CHICAGO -- Mayor Richard Daley of Chicago unveiled a revised plan Monday that shows building an airport on the city's southeast side would cost about $8.5 billion less than previously estimated and includes the issuance of up to $8.7 billion of revenue bonds.

The city's updated feasibility study pegged the cost of an airport at the so-called Lake Calumet site at $10 billion.

In addition to its new cost estimate, the city also released a financing plan for a Lake Calumet airport that incorporates the issuance of up to $8.7 billion of revenue bonds between 1996 and 2014.

Lake Calument is one of five sites under consideration by the 11-member Policy Committee for the Site Selection of a Supplemental Airport in the Chicago Area, composed of Illinois, Indiana, and Chicago officials. In October, a preliminary financial feasibility analysis conducted for the committee by Price Waterhouse found an airport at the Lake Calumet site would cost $18.5 billion, by far the most expensive of all the sites.

The other Illinois sites and their estimated cost were Kankakee at $3.8 billion, Peotone at $3.7 billion and the Beecher area at $4 billion. The cost of building the airport at the existing Gary, Ind., Regional Airport was pegged at $ 9 billion, but Indiana officials have issued their own report that places the cost at $6 billion.

The $10 billion price cited in Chicago's latest feasibility study for a Lake Calumet airport is also about $5 billion more than the estimated cost contained in the city's first study, released in February 1990.

Under the financing plan included in Chicago's study, the development of a Lake Calument airport would be done in three phases. The first two phases -- which would include four runways, land acquisition, and site improvements -- would require the issuance of $5.8 billion of bonds from 1996 to 2014. For all three phases, which would bring the total number of runways to seven, the total bonding requirement would be about $8.7 billion over that same time period to cover project costs, capitalized interest, issuance expense, and debt service reserves, according to the study.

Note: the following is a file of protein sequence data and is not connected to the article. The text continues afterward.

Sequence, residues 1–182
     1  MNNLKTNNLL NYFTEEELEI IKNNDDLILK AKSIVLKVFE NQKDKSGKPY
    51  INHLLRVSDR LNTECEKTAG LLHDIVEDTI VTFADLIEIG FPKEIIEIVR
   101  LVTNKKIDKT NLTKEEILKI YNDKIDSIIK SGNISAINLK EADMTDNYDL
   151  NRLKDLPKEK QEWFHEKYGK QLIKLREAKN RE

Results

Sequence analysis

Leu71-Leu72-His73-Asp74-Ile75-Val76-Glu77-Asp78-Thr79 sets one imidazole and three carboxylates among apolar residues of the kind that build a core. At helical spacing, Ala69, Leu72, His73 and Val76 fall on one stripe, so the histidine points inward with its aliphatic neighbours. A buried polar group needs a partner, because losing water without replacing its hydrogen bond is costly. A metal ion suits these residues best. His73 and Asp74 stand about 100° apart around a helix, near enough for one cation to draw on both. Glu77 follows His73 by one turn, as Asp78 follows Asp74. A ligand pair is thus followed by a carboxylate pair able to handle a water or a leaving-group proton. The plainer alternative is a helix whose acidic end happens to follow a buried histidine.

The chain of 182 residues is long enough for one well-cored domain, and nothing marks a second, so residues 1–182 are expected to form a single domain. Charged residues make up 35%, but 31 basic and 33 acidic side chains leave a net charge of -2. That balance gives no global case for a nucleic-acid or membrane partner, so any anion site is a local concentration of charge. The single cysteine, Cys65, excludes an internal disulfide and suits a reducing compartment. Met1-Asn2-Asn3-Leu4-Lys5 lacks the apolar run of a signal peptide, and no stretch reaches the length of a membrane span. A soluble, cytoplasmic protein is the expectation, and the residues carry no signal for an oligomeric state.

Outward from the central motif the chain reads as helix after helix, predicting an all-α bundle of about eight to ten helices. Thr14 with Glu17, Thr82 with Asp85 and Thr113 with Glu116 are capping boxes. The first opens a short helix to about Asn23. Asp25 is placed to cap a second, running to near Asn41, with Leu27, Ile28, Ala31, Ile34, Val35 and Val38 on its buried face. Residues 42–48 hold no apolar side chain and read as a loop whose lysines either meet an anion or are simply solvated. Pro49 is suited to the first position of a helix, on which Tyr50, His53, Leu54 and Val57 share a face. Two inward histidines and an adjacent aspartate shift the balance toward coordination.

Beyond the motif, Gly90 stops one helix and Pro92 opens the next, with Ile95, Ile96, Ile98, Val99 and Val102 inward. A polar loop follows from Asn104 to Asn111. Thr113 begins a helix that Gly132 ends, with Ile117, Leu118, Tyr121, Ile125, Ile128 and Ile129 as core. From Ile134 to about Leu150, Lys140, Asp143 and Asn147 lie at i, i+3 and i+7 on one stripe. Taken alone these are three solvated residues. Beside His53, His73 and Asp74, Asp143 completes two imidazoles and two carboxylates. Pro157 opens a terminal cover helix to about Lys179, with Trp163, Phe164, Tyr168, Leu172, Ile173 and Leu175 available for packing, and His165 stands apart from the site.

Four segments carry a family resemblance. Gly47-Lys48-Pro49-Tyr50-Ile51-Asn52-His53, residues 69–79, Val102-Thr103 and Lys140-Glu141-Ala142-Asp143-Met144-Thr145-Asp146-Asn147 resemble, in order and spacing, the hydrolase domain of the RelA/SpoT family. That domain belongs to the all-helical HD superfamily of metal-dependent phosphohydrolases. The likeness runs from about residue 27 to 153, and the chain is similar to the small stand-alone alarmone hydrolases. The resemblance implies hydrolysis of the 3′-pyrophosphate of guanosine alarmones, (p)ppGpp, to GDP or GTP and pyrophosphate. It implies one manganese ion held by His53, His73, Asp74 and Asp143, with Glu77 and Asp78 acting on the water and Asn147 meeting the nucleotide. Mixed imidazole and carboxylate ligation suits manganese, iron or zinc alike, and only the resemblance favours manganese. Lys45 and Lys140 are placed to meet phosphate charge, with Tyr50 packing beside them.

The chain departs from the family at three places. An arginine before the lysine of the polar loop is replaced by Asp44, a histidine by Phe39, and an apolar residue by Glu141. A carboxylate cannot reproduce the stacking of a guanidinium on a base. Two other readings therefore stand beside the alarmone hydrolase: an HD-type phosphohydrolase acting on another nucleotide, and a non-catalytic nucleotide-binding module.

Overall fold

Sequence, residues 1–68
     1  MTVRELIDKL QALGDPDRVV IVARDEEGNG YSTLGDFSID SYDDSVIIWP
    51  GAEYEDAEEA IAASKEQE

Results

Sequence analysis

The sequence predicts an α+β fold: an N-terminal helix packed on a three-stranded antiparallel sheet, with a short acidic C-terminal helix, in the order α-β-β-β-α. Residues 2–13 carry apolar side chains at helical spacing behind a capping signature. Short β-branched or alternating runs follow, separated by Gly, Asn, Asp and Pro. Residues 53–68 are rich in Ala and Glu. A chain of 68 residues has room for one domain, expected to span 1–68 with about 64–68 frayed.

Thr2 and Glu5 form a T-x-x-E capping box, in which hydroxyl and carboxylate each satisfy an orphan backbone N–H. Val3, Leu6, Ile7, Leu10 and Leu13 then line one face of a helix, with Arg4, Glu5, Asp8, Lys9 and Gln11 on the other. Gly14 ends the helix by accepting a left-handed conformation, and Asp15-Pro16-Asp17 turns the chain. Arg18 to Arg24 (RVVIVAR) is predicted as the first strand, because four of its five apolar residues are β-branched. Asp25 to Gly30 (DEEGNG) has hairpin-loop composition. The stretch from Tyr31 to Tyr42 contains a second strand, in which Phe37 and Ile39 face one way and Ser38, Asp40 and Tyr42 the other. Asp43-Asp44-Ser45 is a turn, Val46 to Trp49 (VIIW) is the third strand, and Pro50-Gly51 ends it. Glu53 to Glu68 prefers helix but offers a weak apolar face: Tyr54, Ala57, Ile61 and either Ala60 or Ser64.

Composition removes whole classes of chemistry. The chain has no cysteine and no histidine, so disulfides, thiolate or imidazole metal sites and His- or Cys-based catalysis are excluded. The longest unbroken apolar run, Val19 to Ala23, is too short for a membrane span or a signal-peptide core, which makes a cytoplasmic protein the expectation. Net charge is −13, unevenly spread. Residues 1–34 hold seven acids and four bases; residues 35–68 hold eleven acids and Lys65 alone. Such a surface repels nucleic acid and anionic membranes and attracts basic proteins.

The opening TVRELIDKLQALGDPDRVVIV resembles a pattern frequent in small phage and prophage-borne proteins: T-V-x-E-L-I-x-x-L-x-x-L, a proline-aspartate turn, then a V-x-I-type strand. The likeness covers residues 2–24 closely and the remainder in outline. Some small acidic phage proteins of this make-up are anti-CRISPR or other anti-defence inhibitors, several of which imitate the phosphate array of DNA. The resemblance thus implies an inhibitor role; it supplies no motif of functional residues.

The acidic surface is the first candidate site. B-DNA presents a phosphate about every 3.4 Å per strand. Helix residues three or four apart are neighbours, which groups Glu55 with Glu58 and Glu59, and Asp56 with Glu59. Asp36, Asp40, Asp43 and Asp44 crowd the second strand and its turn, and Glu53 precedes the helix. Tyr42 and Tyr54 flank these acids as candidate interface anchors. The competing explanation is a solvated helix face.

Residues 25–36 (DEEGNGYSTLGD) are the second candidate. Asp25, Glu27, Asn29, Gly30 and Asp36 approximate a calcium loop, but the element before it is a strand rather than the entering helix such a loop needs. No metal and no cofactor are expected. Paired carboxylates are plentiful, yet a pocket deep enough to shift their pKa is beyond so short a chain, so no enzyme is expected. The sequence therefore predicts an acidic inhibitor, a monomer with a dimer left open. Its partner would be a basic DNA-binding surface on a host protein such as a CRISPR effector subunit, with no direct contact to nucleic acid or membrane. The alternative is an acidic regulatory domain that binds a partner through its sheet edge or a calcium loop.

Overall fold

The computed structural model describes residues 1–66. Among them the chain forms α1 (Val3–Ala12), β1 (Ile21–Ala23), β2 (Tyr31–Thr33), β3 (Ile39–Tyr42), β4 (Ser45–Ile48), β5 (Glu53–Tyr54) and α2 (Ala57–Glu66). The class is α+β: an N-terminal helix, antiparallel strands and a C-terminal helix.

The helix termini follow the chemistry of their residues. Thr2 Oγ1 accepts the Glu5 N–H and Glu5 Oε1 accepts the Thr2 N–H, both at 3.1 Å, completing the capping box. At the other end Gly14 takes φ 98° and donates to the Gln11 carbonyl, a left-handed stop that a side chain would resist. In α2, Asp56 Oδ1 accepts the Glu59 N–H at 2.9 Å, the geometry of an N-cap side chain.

The city's bond projections assume 19 30-year bond issues with a coupon rate of 8%, as well as capitalized interest of 6%.

Other sources of funds cited by the study include federal aviation and road funds, state grants, user fees, and passenger facility charges. In a statement, Mayor Daley estimated a $3 charge at the city's two existing airports would generate about $90 million a year.

Chicago officials have said the city's experience in financing and operating O'Hare International Airport, along with its ability to collect a passenger facility charge, and the proximity of the Lake Calumet site to the downtown would give that site an edge over its competitors.

On Monday, the mayor said the third phase of the Lake Calumet airport would be done "if demand is there." He added that his "improved plan" for the site, which decreased the number of homes and businesses that would e displaced from the 1990 study, indicated that more people would benefit from an airport there than at any of the other sites.

However, proponents of the rural sites argued that Mayor Daley's study was not impartial, like the studies being conducted for the bistate committee by TAMS Consultants Inc., which was hired by the Federal Aviation Administration.

"It's ridiculous," said Mike Robinson, a spokesman for the Third Airport Alliance. "Clearly Chicago's hired consultants have a partisan interest."

Officials of the alliance have said the higher cost of the Lake Calumet site would ultimately eliminate that site from contention.

Don Corinna, program manager for the bi-state committee, declined to comment on Chicago's study.

The site selection process, which has been going on for two years, will end Jan. 5 -- the bi-state committee's deadline for choosing a site or a "no build" option. One source close to the deliberations said Indiana officials were expected to try to force a final vote at the committee's Dec. 16 meeting. However, the source said that attempt would probably not be successful. Mr. Corina said an agenda for that meeting had not yet been put together.

The committee is made up for four members appointed by Gov. Evan Bayh of Indiana, who favors the Gary site, three members appointed by Mayor Daley, and four members appointed by Gov.Jim Edgar of Illinois, who has taken a neutral position.

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